Inside Wendy Williams' Frontotemporal Dementia Diagnosis: Her Life Expectancy and Signs She Was Struggling

Williams' care team on Thursday announced the diagnosis in an effort 'to correct inaccurate and hurtful rumors about her health.'

There are some sad and harsh realities facing Wendy Williams amid her aphasia and frontotemporal dementia diagnosis (FTD), and complicating those matters is the tragic fact that FTD is an incurable disease, meaning that, almost in an instant, the beloved former talk show host's life expectancy has been cut drastically.

Dr. Allison Reiss, an associate professor of medicine at NYU Grossman Long Island School of Medicine and an Alzheimer's Foundation of America's Medical, Scientific and Memory Screening Advisory Board Member, spoke with ET's Kevin Frazier to offer her medical expertise pertaining to Williams' prognosis, a disease that remains a mystery to the medical community.

"We do not know what causes it. We know that it happens in people younger than, say, Alzheimer's disease," Reiss says. "There is some literature that people with thyroid issues may be more likely to have frontal temporal dementia, and we definitely know Wendy Williams has a history of thyroid problems that I think you can see in her eyes. She has some, what looks like thyroid eye disease to me."

Reiss is quick to note she hasn't treated Williams and has never met her, but she deduces as much based on her expertise coupled with her observation of Williams on TV throughout the years.

"I watched her show when I saw her at different stages," Reiss continued. "You can really see what has happened. But we don't have this information and I know that -- because of Bruce Willis -- we are really moving forward more. We need to get some research dollars to look into this."

Bruce Willis was diagnosed with FTD last year. On Thursday, Williams' care team announced that she was also diagnosed with the disease in 2023, and they now decided to come forward with the diagnosis in an effort "to correct inaccurate and hurtful rumors about her health."

The disclosure also comes just days ahead of Lifetime's two-part documentary, Where Is Wendy Williams?, which is executive produced by the former Wendy Williams Show host. In the trailer for the upcoming two-night event, Williams, at times, appears composed and coherent but also frazzled and frustrated.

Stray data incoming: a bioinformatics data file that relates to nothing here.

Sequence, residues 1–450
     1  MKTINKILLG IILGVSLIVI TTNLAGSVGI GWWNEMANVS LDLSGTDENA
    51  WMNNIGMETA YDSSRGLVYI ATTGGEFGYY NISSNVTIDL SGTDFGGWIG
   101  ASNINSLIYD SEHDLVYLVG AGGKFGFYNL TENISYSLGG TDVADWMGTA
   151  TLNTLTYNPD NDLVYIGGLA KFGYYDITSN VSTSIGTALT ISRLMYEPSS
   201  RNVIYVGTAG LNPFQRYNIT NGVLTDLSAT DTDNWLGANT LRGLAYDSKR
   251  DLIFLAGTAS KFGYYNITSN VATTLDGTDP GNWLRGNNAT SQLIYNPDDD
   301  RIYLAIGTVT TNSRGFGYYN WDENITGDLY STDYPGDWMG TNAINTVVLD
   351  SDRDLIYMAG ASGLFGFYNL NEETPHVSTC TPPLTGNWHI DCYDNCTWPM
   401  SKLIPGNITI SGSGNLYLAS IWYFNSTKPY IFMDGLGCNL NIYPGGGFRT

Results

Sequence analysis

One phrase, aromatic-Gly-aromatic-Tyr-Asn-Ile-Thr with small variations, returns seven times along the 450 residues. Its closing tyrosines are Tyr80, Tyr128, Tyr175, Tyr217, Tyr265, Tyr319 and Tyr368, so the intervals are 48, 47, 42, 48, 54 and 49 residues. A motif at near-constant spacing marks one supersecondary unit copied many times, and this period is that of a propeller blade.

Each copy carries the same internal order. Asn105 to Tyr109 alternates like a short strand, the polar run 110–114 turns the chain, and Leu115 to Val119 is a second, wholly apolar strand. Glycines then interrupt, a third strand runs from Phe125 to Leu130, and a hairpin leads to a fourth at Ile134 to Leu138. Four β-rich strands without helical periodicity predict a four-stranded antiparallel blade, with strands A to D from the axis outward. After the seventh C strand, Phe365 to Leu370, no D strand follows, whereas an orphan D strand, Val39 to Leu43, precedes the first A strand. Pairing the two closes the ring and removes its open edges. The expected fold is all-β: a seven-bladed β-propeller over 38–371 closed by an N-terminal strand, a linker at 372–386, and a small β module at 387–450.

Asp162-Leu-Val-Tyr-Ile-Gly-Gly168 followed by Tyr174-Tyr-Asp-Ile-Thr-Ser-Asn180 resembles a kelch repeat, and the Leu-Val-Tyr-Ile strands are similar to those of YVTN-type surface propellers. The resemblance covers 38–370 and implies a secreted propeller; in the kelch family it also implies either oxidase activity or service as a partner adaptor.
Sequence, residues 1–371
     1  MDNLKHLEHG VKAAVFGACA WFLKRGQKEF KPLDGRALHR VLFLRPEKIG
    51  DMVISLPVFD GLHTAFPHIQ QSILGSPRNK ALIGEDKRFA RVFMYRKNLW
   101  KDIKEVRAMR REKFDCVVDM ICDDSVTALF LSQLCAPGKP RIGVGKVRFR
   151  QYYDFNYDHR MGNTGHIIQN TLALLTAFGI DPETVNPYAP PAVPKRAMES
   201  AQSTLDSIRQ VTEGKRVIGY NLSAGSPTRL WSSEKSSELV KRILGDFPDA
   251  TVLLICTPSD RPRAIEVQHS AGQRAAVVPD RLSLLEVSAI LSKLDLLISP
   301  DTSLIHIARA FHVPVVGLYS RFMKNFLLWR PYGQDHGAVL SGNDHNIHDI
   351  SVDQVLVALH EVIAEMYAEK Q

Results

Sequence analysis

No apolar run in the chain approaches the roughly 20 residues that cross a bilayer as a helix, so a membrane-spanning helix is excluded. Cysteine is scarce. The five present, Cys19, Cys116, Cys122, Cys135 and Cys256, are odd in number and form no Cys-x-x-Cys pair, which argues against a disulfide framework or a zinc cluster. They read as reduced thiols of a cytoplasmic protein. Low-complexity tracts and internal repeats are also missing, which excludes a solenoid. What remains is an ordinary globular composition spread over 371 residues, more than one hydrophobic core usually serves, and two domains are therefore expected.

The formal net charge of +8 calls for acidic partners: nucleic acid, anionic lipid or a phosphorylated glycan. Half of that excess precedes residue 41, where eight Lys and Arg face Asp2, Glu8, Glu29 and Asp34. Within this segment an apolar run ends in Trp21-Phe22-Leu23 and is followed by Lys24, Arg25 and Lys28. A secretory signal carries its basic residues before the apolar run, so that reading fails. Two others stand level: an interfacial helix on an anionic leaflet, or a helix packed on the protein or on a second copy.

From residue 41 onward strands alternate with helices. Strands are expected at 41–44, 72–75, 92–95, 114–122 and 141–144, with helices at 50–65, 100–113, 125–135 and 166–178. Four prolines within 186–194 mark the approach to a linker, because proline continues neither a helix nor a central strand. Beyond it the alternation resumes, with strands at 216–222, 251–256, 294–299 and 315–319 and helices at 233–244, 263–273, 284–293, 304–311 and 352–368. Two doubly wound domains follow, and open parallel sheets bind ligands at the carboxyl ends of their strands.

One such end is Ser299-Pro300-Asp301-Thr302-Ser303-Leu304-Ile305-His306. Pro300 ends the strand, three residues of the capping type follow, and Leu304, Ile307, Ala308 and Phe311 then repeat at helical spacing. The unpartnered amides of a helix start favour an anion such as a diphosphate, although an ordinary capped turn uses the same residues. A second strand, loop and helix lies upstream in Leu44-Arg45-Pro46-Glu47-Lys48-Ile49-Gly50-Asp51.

"The cognitive function stays longer, but eventually you lose that and the result for all of these is the same, which is losing pretty much everything," Reiss explains. "And then it is a fatal disorder, somewhere around seven to nine years."

For years now, Williams has struggled with her health -- from her battles with Graves' disease to lymphedema. Williams also checked into a treatment facility in June 2023 to confront her battle with alcohol addiction, a move prompted by concerns from her son about the potential fatal consequences of her addiction. 

"This disease may have some environmental contributions, but fundamentally we couldn't blame that," said Reiss when asked if Williams' past substance abuse contributed to her diagnosis. "What I would say is that some of the things that she did probably killed off a lot of nerve cells ahead of time. And we have what's called cognitive reserve. So, the more that you have built-up the longer it takes for a disease like this to give you symptoms. So, if you've depleted some of your nerve cells already, you might show symptoms a little sooner than you would have otherwise."

The Lifetime documentary trailer also seems to have exposed other alarming signs.

"You see that she's getting more frail. She's not making as much sense, being as coherent, and you can see that the priorities of her life change as she really does recognize that the fame and the fortune -- when you are in this kind of situation -- it doesn't really have the meaning that it has to be with people who love you and care about you," Reiss says. "I think that was a lot of the message that I took from it."

In light of the tough road ahead, Reiss offers the Williams family some advice as they come together to help her get through this disease.

"Give her love, give her affection, give her support, value her, and value everything that she has of herself, that is, that remains," she says. "And keep her in environments that feel safe and comfortable for her, and make sure she just knows that she's loved and do everything you can the way that the Willis family has."

Where Is Wendy Williams?, a four-and-a-half-hour, two-night documentary event, will premiere Saturday, Feb. 24 and Feb. 25 at 8 p.m. ET/PT on Lifetime.


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